After spending a lot of time talking to thought leaders and firm owners at both conferences, one of my biggest takeaways is the irrelevance of how we define the size of a firm. It’s out-of-date to apply the label “small” based only on the number of employees.
A new formula is required. Let’s face it…in the age of sophisticated networks, social media, and a shrinking global marketplace, the number of employees means very little when defining a firm’s reach and ability to serve clients of all sizes. Technology has completely leveled the playing field, so what was once thought of as a “small” firm is now operating like one of the big guys. For the sake of clarity, I will maintain traditional labels as I roll out my latest observations.
A few more takeaways from my time at the CCH events, are that many smaller firms are killing it via collaborative technologies, while mid-sized firms may disappear in the next five years because they cannot agree on the changes required to serve today’s market. And while the big firms will remain, smaller firms will be a key competitor because the playing field has been leveled.
I know several smaller firms that service larger client accounts then mid-size firms. These small firms operate virtually—no brick and mortar buildings to be found. New clients are coming from the Internet, client meetings take place via Skype, and little travel is required because they are working within technologically advanced, collaborative environments.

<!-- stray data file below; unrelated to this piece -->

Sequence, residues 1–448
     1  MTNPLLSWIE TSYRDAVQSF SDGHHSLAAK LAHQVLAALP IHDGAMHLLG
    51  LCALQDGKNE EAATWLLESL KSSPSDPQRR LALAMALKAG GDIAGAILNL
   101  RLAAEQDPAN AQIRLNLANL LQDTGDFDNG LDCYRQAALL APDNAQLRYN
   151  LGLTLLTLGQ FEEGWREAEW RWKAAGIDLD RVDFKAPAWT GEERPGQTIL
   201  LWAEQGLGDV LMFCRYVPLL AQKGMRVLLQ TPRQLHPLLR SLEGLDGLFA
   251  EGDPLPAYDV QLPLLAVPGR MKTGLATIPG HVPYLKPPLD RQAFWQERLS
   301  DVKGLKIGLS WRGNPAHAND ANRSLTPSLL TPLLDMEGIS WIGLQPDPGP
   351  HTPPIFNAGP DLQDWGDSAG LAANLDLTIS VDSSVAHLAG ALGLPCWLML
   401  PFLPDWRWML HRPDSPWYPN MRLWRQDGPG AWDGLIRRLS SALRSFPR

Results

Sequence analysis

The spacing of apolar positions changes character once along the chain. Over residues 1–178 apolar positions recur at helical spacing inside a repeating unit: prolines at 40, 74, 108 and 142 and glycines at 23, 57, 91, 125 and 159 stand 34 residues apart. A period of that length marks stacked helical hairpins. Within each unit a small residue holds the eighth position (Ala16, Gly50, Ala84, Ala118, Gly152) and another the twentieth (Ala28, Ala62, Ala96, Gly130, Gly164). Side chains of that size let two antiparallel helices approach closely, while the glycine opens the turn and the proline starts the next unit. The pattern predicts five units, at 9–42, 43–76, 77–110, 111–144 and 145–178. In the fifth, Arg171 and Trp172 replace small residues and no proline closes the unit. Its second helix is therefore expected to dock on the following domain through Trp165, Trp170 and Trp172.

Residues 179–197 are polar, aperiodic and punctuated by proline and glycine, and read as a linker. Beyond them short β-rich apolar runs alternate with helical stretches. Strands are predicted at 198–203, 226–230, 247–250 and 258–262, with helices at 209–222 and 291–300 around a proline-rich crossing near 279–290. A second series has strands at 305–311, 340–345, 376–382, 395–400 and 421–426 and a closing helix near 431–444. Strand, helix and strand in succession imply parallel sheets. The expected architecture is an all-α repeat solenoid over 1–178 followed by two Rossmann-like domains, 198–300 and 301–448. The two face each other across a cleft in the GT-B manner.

These firms are also networked with other like-minded firms to leverage skills and expertise, and staff works anytime and from anywhere. Overall, they are working less and enjoying the profession more. So why are we universally calling these sophisticated firms “small?” It seems to me they should be labeled as “awesome.” Period.
One last shout out to CCH: At this year’s Connections Users Conference, the company celebrated its 100th year serving the tax and accounting profession. So, a big “Happy Birthday!” to the CCH team.
Jody L. Padar, CPA, MST, is a Certified Public Accountant experienced with Complex Federal & State Income Tax Compliance for Business & Individuals. Jody is an adjunct professor at Oakton Community College, where she teaches Taxation and QuickBooks Courses. She is part of Intuit Trainer Writer Network and speaks nationally on various Technologies and Taxation. She can be reached at www.newvisioncpagroup.com.
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